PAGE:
Cal Thomas: The Queen’s Litter

London – Watching the BBC and Sky News cover the death of Queen Elizabeth II, one is struck by the adjectives used by reporters, commentators and interviewees outside Balmoral Castle and Buckingham Palace: sense of duty, virtue, integrity, service. What is amazing is that these and other traits that the late queen exhibited were once considered normal and worth teaching to children, but today they stand in stark contrast to what is modeled and accepted.

One commentator said the Queen’s death was the symbolic end of the greatest generation. We honor the virtues that made the greatest generation great, but we no longer promote them, whether in public schools, social media or the wider culture.

I saw her once. It was in the early 1950s, shortly after his accession to the throne. This was her first visit to the United States as sovereign. My dad took me to a University of Maryland football game. She drove around the football stadium track in an open car in front of a cheering crowd.

So little is known of Elizabeth, the person. This is one of the reasons why the Netflix series “The Crown” has attracted so many viewers. Claire Foy, who played young Elizabeth, displays the doubt she must have felt as one of six female monarchs over the past thousand years, beginning with Elizabeth I and Mary I.

Perhaps his only misstep was his failure to initially appreciate the public’s adoration for Diana, Princess of Wales. After Diana’s death, it took days for public pressure to compel her to make a video statement about her admiration for Diana and visit a large pile of flowers leaning against the gates of Buckingham Palace.

In their book “Elizabeth II: An Oral History” (Penguin Press), authors Deborah and Jerry Strober interview dozens of people who knew or worked with the Queen, or had unique insights from relatives who knew her during his seven decades on the throne. Their book provides information (and, yes, delicious gossip) probably available nowhere else about the Queen, Charles, Diana and the rest of the Royal Family.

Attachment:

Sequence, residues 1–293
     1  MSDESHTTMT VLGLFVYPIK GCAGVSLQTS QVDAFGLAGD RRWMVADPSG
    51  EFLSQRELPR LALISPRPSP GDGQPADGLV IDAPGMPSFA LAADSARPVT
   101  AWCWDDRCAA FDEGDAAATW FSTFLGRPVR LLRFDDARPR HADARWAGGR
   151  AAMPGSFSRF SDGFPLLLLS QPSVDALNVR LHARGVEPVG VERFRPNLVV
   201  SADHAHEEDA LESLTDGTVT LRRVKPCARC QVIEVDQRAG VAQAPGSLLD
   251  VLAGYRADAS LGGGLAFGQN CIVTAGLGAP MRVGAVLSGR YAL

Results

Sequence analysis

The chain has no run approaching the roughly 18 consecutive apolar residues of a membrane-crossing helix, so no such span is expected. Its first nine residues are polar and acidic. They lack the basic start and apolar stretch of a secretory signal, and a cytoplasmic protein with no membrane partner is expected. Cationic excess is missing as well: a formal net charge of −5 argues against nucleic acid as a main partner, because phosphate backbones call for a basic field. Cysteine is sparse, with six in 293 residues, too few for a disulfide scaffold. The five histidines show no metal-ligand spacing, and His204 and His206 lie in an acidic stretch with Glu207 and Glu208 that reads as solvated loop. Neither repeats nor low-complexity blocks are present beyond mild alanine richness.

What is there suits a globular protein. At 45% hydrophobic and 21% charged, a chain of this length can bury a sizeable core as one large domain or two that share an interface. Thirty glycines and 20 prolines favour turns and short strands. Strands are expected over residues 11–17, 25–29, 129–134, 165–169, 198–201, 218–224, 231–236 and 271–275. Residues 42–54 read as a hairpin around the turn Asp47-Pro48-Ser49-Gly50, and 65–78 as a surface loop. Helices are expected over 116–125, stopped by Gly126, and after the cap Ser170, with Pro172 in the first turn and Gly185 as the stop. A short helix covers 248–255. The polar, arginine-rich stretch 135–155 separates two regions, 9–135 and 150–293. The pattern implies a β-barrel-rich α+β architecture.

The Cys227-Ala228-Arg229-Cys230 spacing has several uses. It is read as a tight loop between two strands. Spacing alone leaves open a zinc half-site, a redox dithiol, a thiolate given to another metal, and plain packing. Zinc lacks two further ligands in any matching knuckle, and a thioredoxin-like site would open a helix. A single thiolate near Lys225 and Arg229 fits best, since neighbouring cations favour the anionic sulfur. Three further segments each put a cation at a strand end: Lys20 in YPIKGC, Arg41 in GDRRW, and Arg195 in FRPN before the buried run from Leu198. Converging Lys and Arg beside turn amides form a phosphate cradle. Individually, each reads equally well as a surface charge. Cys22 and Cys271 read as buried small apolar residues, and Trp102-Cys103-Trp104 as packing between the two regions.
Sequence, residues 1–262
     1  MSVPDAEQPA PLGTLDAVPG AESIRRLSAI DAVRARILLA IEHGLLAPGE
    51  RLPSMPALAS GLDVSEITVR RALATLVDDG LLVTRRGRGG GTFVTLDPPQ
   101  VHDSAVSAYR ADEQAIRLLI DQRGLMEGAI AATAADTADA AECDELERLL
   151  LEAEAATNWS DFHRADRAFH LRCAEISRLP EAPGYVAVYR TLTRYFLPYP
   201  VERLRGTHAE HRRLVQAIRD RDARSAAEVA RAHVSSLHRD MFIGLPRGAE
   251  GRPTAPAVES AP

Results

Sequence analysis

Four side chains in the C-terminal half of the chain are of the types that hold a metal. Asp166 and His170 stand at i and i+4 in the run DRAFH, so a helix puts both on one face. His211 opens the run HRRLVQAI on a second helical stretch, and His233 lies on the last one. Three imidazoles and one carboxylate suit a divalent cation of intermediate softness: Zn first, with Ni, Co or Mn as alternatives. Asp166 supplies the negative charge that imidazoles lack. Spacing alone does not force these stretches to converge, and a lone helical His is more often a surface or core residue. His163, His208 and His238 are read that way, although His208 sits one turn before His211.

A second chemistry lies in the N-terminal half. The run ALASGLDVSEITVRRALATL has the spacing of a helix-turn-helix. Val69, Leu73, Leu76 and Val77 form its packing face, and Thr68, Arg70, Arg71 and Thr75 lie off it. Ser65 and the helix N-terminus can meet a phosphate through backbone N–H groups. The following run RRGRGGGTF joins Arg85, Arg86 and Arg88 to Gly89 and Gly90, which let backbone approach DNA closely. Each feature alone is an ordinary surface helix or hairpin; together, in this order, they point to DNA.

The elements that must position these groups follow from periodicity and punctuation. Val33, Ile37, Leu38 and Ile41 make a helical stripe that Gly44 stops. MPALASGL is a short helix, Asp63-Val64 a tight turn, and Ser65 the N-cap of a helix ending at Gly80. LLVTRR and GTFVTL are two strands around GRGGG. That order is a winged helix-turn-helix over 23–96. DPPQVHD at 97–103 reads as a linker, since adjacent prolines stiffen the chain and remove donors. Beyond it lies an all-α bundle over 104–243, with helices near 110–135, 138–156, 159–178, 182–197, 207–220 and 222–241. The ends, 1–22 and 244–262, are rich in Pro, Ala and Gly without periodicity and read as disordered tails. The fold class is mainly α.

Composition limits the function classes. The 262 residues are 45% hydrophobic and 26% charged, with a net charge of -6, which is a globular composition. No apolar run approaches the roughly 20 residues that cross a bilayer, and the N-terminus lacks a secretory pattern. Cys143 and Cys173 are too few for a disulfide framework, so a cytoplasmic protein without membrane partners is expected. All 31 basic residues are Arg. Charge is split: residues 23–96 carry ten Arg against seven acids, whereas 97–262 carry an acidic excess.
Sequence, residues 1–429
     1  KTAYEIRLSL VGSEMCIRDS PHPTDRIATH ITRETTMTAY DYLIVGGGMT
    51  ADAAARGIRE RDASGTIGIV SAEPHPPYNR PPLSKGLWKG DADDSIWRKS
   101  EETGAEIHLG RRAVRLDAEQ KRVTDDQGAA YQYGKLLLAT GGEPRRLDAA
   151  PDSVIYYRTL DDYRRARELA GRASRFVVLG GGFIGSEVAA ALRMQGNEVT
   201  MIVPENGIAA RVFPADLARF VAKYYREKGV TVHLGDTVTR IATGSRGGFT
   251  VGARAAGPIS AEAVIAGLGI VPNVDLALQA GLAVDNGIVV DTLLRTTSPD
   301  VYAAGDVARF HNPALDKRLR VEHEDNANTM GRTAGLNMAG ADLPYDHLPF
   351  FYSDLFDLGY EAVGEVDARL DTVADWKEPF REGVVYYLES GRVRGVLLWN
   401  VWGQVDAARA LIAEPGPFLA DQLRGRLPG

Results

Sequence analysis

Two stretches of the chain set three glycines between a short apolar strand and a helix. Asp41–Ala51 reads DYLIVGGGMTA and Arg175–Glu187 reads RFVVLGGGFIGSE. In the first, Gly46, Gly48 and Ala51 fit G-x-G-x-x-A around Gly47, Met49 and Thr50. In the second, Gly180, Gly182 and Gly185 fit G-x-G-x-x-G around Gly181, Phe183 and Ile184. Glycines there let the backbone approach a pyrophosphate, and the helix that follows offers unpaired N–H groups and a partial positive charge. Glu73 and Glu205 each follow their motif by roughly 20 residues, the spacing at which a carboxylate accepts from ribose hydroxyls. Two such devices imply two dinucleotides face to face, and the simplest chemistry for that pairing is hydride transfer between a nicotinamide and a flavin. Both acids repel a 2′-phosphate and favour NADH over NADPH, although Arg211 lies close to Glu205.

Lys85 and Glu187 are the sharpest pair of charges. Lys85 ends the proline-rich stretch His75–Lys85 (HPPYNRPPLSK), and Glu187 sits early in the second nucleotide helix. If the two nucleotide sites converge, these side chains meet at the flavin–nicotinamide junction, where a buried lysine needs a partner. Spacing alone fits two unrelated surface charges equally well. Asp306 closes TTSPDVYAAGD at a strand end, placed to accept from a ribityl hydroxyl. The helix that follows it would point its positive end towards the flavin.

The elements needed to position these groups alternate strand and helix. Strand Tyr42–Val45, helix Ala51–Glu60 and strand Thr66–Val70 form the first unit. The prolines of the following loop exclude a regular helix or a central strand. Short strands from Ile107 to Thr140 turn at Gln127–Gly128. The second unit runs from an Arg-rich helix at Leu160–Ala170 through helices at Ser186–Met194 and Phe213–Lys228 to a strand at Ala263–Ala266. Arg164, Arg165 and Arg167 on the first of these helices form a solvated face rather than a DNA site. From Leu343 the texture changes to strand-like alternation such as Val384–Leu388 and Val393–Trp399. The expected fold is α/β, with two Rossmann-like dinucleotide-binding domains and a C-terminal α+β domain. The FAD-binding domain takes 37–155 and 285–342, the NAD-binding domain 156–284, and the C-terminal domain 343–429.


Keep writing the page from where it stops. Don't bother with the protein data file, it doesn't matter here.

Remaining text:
In an afterword they write: “As long as Charles occupies the throne, the future will belong to (his son) William. Now 40, he watched the way his grandparents, Queen Elizabeth and the late Philip, behaved. Moreover, he will have the advantage of seeing his father as a monarch…”

There have been and have been for many years criticism of the monarchy and the idea that blood alone should determine a head of state. But Elizabeth II has reignited the faith of many in the institution and if it is to survive for another generation or more, the credit will clearly and rightly go. Much will initially depend on his son, now known as Charles III (Charles I was beheaded in 1649 for alleged treason). Due to his age (74 in November), this modern Charles will be a transitional figure who will likely continue to push his liberal environmental and cultural agendas. Whether this will pass with the public and their own evolving attitudes will be known soon enough.

It’s hard to imagine a world without the Queen. Even for non-UK citizens, it has been so present in the lives of people of a certain age.

Liz Truss, Britain’s new Prime Minister, said the Queen was “the rock on which modern Britain was built”. It’s not exaggerated.

Cal Thomas is a columnist and syndicated author. Readers can email him at [email protected].


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